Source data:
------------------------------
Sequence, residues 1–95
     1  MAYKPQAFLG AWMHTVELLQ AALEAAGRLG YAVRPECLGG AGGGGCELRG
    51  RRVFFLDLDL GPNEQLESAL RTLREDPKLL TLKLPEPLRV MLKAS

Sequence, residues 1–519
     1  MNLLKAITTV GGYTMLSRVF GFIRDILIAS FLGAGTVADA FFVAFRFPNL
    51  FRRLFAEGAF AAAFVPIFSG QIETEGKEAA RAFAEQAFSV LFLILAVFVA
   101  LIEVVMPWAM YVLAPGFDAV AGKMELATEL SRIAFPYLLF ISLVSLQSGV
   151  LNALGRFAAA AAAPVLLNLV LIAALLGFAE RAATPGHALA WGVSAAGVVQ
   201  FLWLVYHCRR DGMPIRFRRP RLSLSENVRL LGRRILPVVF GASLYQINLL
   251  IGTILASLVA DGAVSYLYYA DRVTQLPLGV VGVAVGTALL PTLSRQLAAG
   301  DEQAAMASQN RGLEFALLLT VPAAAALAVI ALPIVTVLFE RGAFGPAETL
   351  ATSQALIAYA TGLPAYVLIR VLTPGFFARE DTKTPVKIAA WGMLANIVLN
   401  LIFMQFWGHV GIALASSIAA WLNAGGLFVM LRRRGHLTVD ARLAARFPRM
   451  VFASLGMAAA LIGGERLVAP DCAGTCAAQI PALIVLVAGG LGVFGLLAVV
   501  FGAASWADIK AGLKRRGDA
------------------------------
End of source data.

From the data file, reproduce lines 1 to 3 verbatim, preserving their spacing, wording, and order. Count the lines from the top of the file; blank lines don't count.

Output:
Sequence, residues 1–95
     1  MAYKPQAFLG AWMHTVELLQ AALEAAGRLG YAVRPECLGG AGGGGCELRG
    51  RRVFFLDLDL GPNEQLESAL RTLREDPKLL TLKLPEPLRV MLKAS